Gene should have known that the Feds would never greenlight his request to move to a sunnier climate, he really should have nipped his dreams of Florida in the bud. But as anyone who is being crushed by pressure from all sides might do, he allows his brain to seize on to a fantasy for the relief it affords him. He enthusiastically makes his argument to Agent Ron Gosling but the agent finally tells him, “Florida is just one of those things you gotta let go.” Gene goes quiet as he settles back into the seat of Gosling’s car. It is the quiet of someone who is slowly realizing how great his delusion was as the full weight of reality settles upon him…
Gene Pontecorvo’s suicide is probably the most explicit, realistic hanging ever depicted on American television. I have no idea if the scene is “realistic” in the sense of authentically replicating an actual hanging. But it authentically expresses the grim desperation of the physical body as it struggles, in vain, to hold on to life as death overpowers it. Many viewers argued, perhaps justifiably, that we don’t know Gene well enough to be deeply moved by his suicide. But his death—because of its impressive depiction—is one of the most extraordinary of the series.
I learned recently that there are twice as many suicides per year in the United States than homicides. And half of those suicides come by firearm. We know that Gene owns a gun, so it is a little surprising that he would choose to hang himself. His reason for choosing a rope over a bullet may be a mystery, but we can guess one reason why David Chase would choose to end this particular character’s life in this manner: it fits metaphorically. Gene was caught in a metaphoric noose between the mob and the FBI, and both the mob and the FBI choked off the avenue of escape that his aunt’s will seemed to provide.
Gene Pontecorvo experiences quite a reversal of fortune in this hour: he starts out thrilled about a $2 million windfall but ends up dead in his garage. Tony Soprano goes through a reversal too. The episode makes a point of showing how good life is for Tony right now. His marriage to Carm is running smoothly, Meadow is doing well, and AJ seems to be relatively stable. Tony has discovered Nori, a delicious Asian restaurant where he scarfs the food down hand over fist. (Season 6 has a far-Eastern flavor at times, and this Japanese restaurant provides us our first taste of it.) Tony has conspicuously gained some weight, an indication of how well things have been going for him. (An extended sequence with his bathroom scale underscores how heavy he has become.) He’s a lucky sonavabitch and he knows it. “$40 for a piece of fish they just flew in first class—I think we’re more than lucky,” he tells Carmela before tossing a piece of sushi into his mouth. He’s even lucky when he doesn’t know it—moments after complaining that he can’t catch a break, he catches the biggest break of his life: Ray Curto slumps over and dies just as he is about to incriminate Tony in a murder.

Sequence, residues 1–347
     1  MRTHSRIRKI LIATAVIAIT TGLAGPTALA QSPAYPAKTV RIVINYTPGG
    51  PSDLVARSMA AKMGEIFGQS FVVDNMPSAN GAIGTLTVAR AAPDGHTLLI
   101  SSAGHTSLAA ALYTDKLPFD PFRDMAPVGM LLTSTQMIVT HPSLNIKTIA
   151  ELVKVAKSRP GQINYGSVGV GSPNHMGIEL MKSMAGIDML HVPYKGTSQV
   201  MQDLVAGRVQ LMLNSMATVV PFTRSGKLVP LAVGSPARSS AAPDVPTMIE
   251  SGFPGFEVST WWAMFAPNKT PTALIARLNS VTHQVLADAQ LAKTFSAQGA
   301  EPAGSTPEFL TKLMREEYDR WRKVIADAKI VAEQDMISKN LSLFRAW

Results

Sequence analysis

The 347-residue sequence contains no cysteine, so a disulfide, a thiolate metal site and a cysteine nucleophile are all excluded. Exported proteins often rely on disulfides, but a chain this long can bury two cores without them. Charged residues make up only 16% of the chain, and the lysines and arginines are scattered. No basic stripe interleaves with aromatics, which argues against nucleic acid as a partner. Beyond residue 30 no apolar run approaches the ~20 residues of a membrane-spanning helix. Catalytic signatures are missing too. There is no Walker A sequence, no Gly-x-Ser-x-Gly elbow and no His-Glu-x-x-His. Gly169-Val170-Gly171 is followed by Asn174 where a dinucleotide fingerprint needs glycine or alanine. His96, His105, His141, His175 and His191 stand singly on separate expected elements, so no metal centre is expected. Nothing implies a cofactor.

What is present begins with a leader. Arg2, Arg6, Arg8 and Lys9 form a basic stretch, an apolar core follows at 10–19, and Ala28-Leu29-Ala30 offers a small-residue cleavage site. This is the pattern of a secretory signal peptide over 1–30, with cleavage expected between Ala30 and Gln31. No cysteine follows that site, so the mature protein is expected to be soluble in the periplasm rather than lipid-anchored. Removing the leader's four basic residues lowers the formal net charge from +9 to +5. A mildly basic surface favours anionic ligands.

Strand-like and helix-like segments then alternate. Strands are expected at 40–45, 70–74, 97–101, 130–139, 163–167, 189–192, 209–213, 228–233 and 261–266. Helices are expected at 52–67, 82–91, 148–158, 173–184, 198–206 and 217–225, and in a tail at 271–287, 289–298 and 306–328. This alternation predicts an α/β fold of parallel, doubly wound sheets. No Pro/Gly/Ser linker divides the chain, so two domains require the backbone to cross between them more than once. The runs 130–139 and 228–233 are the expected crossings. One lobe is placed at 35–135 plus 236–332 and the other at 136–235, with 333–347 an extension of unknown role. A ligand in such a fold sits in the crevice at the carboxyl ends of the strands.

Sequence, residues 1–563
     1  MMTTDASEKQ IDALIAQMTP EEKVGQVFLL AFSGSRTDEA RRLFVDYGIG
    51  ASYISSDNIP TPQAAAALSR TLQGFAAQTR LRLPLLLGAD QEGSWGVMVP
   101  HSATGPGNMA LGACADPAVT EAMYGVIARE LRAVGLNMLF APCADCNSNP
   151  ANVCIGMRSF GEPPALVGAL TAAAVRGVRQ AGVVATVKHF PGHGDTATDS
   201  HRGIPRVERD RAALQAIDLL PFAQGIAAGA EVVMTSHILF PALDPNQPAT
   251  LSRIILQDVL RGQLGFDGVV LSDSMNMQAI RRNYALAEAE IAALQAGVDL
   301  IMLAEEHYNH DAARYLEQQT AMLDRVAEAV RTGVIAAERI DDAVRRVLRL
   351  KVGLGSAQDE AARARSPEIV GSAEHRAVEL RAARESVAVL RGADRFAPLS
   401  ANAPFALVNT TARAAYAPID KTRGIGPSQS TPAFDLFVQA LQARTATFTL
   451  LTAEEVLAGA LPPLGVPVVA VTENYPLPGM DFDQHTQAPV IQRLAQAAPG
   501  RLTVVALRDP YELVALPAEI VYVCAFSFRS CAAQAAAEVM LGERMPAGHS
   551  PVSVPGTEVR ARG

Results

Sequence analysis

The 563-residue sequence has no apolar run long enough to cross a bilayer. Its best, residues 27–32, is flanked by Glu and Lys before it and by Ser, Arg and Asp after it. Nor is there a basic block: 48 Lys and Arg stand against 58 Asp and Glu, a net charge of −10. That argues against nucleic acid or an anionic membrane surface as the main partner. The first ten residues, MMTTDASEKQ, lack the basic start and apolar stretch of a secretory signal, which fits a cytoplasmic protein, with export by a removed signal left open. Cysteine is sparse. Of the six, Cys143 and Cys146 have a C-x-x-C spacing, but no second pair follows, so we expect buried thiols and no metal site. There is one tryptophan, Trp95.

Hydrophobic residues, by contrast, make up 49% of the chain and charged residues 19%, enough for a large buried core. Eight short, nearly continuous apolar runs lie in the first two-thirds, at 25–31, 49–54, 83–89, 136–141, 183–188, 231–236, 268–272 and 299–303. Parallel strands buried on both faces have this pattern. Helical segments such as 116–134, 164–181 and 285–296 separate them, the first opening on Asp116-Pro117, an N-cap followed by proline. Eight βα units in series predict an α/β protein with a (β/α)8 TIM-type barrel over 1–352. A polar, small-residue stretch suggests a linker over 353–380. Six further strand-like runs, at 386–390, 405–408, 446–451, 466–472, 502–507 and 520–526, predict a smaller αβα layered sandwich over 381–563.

So: two rats that were collaborating with the FBI to bring Tony down end up dying in this episode. It seems like the gods are smiling down on Tony Soprano. But by the end of the hour, Chase reminds us that often what looks like the smile of the gods is actually a maniacal grin. The gods of SopranoWorld have a wicked sense of humor—just when things are going good for Tony, things go very, very bad.
At Uncle Jun’s house, Tony cooks up some pasta for supper. Corrado comes down at Tony’s dinner-call, but he is not coming to eat—he is carrying a pistol. Tony was planning on a simple Italian dinner with his uncle, but the gods—or at least David Chase—has a different plan. Corrado’s mental state has continued to deteriorate since we saw him last in Season 5. In his dementia, Corrado confuses Tony for Pussy Malanga and shoots him in the stomach. (It was in the Pilot episode that we learned of Corrado’s plan to hit Malanga.) David Chase shocks us now, no one would have predicted that Tony would get shot. Especially by his uncle. Especially in the first episode of the season. But the shooting doesn’t come completely out of nowhere: the hour’s multiple references to Pussy Malanga bring Season One to the mind of the viewer—a season, we remember, that ended with Corrado making an attempt on Tony’s life. We are also reminded of this in Melfi’s office, where the topic of Corrado’s earlier assassination attempt comes up. Alan Sepinwall of The Star-Ledger notes an ironic reversal between Seasons 1 and 6 in regard to Corrado’s attempted whacking of Tony: in Season 1, Livia urged Corrado to move against Tony because she was angry that he put her in a retirement community, but now Corrado is able to take a shot at him only because he refused to put his senile uncle in a nursing home. (And this ironic reversal is underscored by Tony’s reversal of language: when Dr. Melfi describes Green Grove as a “retirement community,” Tony—finally—admits that it is a “nursing home.”)